When Hildegard Westerkamp spoke at this year’s Happening 2012 Festival of New Music & Media (January 25th – 28th) at the University of Calgary, she described and then played a work that she had premiered just the week before in Vancouver called “Once Upon A Time”. Though she loves the construct of abstractions as a sound composer, and the depth of the acoustic environment to which she’d like our attention drawn, sometimes she just wants to tell fairy tales.
The symbolism of some fairy tales may be a bit more obscure, but usually adults, and often the children themselves, know perfectly well what’s going on, just for the sake of a good story. As she mentioned during our earlier interview, “Some pieces may be more didactic, in that I want you to listen to THIS.” (laughs). There’s a piece called “Kitts Beach Soundwalk” where the narrative really leads the listener like that. But some pieces are simply there to draw you into a listening that definitely is not didactic: there’s that spectrum, and then the listener can really take it wherever they want to. That’s really the ideal for me as a composer: that they feel free to be immersed in this piece and that they feel free to listen in ANY way they want, however they can get into this piece. And they come out enriched in a way that their listening is enhanced. That’s really my main interest, because that’s what happens to me in the compositional process, and that’s what happens to me when I enjoy pieces of music.
“‘Once Upon A Time’ is basically about a witch that poisons the world with music. It’s about a little girl who, through the doings of a sorcerer, loses her own voice and is given a music machine. She ends up becoming quite evil, and becomes a witch and puts music into absolutely every nook and cranny of society, and inside people’s ears through their headphones. So it’s a comment about the (omni)presence of music in our society.
“The only way the girl can be saved is through a magical bird. And this magical bird, in the end, is one of the loveliest birds that we have in Canada, and in the end you become immersed in this absolutely gorgeous soundscape that this loon creates. So it’s a completely OBVIOUS message: “Let’s think about how the corporations have habituated us to the presence of music, and a kind of addictive sense that we have to have music around all of the time. It’s a little bit unreal, but it’s also very real.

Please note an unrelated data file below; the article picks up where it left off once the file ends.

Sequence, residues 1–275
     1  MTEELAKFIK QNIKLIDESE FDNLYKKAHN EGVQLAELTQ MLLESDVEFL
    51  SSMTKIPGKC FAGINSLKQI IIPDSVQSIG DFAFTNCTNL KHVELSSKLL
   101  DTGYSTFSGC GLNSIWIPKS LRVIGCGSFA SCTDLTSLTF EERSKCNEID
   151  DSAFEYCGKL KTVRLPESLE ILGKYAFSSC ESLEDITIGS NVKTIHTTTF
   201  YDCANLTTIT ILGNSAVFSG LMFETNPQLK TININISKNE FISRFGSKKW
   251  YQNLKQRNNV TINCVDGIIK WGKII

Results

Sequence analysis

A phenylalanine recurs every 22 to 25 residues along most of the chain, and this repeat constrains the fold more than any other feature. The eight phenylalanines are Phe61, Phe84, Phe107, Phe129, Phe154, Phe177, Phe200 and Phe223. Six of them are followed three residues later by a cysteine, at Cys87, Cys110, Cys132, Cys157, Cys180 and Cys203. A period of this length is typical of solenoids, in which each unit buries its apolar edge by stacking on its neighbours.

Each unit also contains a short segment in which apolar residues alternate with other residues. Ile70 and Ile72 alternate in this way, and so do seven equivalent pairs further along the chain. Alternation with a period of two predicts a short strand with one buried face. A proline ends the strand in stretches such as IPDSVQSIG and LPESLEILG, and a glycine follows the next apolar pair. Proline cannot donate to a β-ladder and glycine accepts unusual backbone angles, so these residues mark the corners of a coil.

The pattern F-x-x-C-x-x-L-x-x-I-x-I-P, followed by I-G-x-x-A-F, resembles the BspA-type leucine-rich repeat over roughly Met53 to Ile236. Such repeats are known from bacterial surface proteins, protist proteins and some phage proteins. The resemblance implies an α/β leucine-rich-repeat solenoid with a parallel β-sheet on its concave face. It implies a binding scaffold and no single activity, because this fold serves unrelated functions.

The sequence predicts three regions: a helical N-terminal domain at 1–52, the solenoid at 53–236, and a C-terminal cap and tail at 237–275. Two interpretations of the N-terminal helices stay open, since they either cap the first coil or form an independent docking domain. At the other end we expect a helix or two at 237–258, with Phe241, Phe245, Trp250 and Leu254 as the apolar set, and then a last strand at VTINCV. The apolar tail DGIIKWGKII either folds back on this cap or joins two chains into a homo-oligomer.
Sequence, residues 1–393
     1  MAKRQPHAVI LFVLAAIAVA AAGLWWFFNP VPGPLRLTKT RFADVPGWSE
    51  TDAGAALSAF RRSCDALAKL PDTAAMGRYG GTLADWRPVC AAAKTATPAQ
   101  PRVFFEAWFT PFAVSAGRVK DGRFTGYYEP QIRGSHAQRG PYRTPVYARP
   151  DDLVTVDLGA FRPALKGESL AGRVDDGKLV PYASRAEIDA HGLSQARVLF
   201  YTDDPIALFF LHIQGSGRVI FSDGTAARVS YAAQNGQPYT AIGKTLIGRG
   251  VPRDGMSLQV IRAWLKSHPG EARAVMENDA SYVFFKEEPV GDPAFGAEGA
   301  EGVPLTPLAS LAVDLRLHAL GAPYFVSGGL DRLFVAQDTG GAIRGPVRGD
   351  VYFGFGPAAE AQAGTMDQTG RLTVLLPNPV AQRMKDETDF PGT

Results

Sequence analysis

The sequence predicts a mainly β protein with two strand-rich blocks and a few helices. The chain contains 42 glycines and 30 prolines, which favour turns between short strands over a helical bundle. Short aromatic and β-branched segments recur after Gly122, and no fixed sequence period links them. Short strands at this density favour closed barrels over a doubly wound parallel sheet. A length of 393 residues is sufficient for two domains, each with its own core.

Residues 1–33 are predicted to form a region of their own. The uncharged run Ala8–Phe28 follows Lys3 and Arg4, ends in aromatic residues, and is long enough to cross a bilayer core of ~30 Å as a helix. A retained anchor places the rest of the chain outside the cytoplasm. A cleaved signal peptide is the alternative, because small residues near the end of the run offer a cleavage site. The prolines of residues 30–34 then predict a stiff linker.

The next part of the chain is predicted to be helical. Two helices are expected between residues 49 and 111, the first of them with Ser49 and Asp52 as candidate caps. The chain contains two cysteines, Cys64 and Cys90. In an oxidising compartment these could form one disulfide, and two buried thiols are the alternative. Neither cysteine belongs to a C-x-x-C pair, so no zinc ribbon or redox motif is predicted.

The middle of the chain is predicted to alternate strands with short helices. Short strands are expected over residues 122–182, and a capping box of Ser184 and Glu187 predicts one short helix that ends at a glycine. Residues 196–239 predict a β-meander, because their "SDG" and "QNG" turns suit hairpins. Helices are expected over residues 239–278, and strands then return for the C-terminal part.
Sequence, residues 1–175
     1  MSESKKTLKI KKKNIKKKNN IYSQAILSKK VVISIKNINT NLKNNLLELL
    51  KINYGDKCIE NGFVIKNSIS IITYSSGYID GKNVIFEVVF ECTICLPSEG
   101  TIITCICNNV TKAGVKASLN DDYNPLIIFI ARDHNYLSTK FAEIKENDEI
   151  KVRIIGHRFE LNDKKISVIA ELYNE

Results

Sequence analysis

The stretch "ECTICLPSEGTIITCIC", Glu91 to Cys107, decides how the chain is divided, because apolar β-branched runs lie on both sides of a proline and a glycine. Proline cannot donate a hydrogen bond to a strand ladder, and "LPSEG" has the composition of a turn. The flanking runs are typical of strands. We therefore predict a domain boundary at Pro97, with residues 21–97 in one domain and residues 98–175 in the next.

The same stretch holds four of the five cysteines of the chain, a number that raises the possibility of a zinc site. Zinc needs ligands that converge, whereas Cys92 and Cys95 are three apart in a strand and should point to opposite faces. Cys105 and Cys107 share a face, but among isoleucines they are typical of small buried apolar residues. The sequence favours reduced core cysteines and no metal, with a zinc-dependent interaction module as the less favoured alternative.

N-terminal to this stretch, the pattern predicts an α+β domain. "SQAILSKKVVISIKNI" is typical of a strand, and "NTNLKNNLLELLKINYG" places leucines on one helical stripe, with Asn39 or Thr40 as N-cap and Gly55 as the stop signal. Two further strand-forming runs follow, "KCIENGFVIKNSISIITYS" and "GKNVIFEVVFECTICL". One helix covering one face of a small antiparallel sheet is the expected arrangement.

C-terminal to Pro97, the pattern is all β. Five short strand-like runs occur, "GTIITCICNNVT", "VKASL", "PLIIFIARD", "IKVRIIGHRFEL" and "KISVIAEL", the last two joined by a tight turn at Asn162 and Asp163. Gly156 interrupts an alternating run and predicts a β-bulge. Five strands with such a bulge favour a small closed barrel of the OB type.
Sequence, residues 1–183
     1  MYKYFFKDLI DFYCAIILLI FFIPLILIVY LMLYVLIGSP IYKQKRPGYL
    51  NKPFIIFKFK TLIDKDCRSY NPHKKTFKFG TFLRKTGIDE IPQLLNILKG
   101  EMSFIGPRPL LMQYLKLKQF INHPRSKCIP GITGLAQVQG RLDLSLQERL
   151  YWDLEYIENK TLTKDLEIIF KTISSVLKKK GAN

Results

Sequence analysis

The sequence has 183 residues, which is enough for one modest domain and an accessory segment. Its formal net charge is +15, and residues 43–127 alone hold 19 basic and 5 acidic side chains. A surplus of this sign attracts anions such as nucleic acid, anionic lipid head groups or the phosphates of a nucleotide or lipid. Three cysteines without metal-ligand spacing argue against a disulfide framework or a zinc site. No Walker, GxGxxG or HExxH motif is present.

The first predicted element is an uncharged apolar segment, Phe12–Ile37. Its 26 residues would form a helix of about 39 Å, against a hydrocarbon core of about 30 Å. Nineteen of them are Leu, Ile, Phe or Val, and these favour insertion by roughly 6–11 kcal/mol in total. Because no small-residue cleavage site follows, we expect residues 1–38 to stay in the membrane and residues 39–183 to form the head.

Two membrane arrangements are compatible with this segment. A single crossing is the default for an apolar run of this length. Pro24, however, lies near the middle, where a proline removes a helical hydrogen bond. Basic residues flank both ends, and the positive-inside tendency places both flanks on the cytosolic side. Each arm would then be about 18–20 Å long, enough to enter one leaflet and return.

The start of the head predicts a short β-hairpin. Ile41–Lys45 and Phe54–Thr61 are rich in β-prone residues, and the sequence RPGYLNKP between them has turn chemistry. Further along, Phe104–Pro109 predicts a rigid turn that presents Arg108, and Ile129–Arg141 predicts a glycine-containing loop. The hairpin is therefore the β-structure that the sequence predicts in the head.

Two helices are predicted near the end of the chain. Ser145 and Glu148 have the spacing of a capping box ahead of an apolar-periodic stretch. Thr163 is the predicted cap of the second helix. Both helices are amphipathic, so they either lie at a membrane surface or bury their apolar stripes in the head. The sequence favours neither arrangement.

“Acoustic ecology is often misunderstood to say ‘Nature good; quiet good; noise bad or city bad.’ That’s not what we’re saying. We’re saying, ‘Let’s open our ears to everything.’ That’s the big misunderstanding that keeps happening. When we worked with (R. Murray) Schaefer and the World Soundscape Project, we studied every aspect of the sound environment: of noise, of noise measurement, of how our ears function, the medical aspects. We wanted to know everything about sound and acoustics.
“Our belief is, from that knowledge, we can begin to create a soundscape that is not abusive of our bodies, or animals’ bodies. It’s an ecological movement in that respect: in that it wants to create a balanced soundscape from the human perspective, where we can hear each other without having to shout, where we can hear our own body movements (like our footsteps), and a lot of soundscapes are NOT like that. A balanced environment would be where the birds in the cities DON’T have to become louder because it’s so loud around them, which is what’s happening.
We have situations in the world which are really imbalanced. And the experience of silence is being actively rebuked by corporations like the Muzak corporation, . . . They did say in the early days they did create music not to be listened to. So there is an active element from the corporate world to cover up silence and, in a way, shut US up, in the sense that they want us to move to their tune, which to me is very sinister; a very serious situation that has become addictive for many, and made them unconscious.
Ms. Westerkamp feels we need to be made aware of these things in the same way “we’re conscious of the food we’re taking in. That’s the activist in me, that says ‘Okay, let’s listen up to this, so that we know what the hell comes into our ears.’
So, dear reader, what the hell comes into YOUR ears?